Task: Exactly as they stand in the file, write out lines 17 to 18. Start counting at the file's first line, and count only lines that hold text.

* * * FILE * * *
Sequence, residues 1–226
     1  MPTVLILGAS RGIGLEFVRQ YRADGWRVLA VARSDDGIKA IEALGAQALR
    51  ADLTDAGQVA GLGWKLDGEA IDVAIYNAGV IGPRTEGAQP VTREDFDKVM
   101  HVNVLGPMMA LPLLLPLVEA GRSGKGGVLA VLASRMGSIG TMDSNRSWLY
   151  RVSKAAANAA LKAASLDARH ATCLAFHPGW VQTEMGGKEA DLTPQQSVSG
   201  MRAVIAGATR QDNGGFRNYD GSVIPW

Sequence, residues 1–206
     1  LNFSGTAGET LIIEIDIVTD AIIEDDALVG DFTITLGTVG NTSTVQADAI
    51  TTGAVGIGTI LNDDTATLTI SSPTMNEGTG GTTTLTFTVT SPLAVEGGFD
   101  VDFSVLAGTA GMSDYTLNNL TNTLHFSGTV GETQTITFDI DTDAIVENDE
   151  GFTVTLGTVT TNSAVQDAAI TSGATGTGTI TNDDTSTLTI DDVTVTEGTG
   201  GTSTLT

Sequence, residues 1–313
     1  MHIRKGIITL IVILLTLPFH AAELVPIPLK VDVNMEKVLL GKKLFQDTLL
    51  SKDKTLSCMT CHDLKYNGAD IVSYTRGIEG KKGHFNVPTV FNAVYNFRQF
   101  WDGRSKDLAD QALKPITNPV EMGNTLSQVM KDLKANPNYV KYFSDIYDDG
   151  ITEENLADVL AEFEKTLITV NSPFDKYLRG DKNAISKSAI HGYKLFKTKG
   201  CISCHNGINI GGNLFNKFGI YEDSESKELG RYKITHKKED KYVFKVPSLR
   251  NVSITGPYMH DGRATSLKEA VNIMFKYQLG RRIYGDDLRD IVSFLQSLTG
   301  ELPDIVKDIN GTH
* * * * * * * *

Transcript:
   151  ITEENLADVL AEFEKTLITV NSPFDKYLRG DKNAISKSAI HGYKLFKTKG
   201  CISCHNGINI GGNLFNKFGI YEDSESKELG RYKITHKKED KYVFKVPSLR